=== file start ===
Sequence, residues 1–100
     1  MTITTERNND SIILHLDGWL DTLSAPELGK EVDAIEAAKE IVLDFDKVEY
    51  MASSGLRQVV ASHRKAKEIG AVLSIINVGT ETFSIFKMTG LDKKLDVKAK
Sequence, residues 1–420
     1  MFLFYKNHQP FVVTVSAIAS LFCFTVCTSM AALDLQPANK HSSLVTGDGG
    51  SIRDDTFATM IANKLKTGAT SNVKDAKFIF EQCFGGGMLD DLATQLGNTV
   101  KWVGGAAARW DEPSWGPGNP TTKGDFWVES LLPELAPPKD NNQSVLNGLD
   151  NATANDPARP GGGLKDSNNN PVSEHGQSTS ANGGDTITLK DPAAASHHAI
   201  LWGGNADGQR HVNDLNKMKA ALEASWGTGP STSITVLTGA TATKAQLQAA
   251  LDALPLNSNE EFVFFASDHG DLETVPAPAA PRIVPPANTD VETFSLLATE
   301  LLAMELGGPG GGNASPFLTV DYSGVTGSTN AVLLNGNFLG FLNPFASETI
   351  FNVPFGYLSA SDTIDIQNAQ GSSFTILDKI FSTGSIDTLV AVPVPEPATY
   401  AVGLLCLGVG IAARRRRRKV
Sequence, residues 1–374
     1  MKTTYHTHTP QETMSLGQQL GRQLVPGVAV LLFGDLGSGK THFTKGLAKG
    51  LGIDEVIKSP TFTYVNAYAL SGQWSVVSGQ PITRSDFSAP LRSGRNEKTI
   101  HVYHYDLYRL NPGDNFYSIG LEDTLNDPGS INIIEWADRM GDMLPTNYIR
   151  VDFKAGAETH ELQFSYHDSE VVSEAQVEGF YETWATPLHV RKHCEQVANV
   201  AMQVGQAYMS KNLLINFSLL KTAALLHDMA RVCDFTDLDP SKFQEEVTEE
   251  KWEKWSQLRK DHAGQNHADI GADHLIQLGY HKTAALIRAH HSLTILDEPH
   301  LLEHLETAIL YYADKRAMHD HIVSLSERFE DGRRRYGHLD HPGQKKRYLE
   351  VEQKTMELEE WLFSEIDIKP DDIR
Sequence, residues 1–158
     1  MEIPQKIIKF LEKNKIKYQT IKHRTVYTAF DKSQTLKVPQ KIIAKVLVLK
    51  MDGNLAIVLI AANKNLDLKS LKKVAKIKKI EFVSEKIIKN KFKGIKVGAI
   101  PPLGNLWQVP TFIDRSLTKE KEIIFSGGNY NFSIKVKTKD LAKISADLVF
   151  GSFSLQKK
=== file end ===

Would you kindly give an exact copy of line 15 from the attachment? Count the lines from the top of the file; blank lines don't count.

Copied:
     1  MKTTYHTHTP QETMSLGQQL GRQLVPGVAV LLFGDLGSGK THFTKGLAKG